Feb 28, 2014 03:00
by Cailtin Reid
A manicure is an indulgence many women relish regularly, including celebrities Rihanna, J Lo and Princess Kate. Not only are they the key to having pristine paws, but you also leave feeling relaxed from the warm water and complimentary hand massage.
But the questions is – do manicures damage nails?
No, well not necessarily....
Professionally trained nail technicians know any manicure, from gel and acrylic nails to gel polishes, shouldn’t damage your nails. Not one bit. So why the rumours of dangerous manicures?
Ever frequented your local salon only to look down and see the therapist scratching and scraping at your gel polish to remove it? Or, politely requested a Shellac treatment only to see half your nail filed and buffed away? The horror! These practices are found far and wide, yet not what trained technicians advise.
What happens during application:
Acrylic, gel nails and gel polished (eg. Gelish, Shellac) work best when nails have been lightly buffed prior to application. yes, lightly buffed. Salon quality files and buffs used by an expert do not damage the nail or the delicate nail plate, they will preserve the nails’ integrity.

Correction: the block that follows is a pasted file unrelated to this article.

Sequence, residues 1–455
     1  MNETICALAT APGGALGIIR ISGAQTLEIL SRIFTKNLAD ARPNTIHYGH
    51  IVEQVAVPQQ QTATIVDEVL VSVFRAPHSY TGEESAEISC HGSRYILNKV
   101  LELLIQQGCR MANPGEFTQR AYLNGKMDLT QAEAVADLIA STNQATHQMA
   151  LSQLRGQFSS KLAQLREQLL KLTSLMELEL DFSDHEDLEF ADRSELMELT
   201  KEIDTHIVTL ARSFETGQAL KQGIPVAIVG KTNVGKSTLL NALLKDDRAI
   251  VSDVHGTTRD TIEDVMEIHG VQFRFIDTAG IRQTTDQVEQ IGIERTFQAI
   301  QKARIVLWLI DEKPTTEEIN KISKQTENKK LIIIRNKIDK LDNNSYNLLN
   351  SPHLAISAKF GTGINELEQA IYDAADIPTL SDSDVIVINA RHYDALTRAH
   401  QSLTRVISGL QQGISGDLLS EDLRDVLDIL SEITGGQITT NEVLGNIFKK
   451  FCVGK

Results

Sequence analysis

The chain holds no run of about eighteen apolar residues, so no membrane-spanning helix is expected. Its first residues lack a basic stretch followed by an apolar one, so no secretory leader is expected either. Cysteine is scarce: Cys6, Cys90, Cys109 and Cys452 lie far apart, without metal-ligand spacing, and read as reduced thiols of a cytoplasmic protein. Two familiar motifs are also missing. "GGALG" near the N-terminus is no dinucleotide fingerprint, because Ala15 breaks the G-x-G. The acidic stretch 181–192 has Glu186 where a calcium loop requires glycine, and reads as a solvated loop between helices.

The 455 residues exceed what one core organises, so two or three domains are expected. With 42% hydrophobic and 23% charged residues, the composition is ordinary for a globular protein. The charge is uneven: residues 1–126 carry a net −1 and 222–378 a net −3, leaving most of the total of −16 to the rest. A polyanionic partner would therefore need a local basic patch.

What about chemicals?
A number of gel polish and acrylic brands are Formaldehyde, toluene and DBP free, which means no nasty chemicals sitting on your nails. And, if you head into your salon with your old, chipped polish you can request an acetone free/non-toxic option for removal.
Drying - how to avoid UV damage
If you always slip slop slap in the sun, beware of UV lights used to dry nails as they can contain up to 5 times the strength of UV as tanning bed lamps. Women with freckles and moles on their hands need to be extra careful! Request an LED lamp instead.
Tips on how to remove:
1. Never try to take gel or acryclic nails or gel polishes off yourself.
2. Never scratch off your own gel polish, you might as well be using a cheese grater on your nails. Trust a pro, its their job. With correct remover product and proper buffing, the manicure should lift away from the nail without destroying the delicate nail plate.
Takeaway messages from nail experts:
1. Damage is often the result of poor application and removal, not the actual product.
2. Nails are jewels not tools - don’t open bottle tops and scratch heavy materials with them, be gentle.
3. Use high quality nail and cuticle oil everyday, and lightly buff the end of your nails to make your manicure last.
4. Always request to see certificates when visiting a new salon